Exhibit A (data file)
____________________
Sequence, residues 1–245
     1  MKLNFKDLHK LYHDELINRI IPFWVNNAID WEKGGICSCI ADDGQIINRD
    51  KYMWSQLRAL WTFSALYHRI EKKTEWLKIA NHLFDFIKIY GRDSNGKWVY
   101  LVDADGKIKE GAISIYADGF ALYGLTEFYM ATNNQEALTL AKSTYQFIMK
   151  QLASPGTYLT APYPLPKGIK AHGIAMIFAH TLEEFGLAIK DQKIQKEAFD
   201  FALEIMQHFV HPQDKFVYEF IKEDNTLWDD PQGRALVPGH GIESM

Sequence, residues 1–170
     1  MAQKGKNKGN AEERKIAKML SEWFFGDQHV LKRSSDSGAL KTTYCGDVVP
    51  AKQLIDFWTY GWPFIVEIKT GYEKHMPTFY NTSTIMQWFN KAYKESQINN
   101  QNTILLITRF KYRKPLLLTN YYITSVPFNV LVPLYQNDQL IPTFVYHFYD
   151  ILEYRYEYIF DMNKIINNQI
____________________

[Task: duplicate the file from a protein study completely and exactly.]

Sequence, residues 1–245
     1  MKLNFKDLHK LYHDELINRI IPFWVNNAID WEKGGICSCI ADDGQIINRD
    51  KYMWSQLRAL WTFSALYHRI EKKTEWLKIA NHLFDFIKIY GRDSNGKWVY
   101  LVDADGKIKE GAISIYADGF ALYGLTEFYM ATNNQEALTL AKSTYQFIMK
   151  QLASPGTYLT APYPLPKGIK AHGIAMIFAH TLEEFGLAIK DQKIQKEAFD
   201  FALEIMQHFV HPQDKFVYEF IKEDNTLWDD PQGRALVPGH GIESM

Sequence, residues 1–170
     1  MAQKGKNKGN AEERKIAKML SEWFFGDQHV LKRSSDSGAL KTTYCGDVVP
    51  AKQLIDFWTY GWPFIVEIKT GYEKHMPTFY NTSTIMQWFN KAYKESQINN
   101  QNTILLITRF KYRKPLLLTN YYITSVPFNV LVPLYQNDQL IPTFVYHFYD
   151  ILEYRYEYIF DMNKIINNQI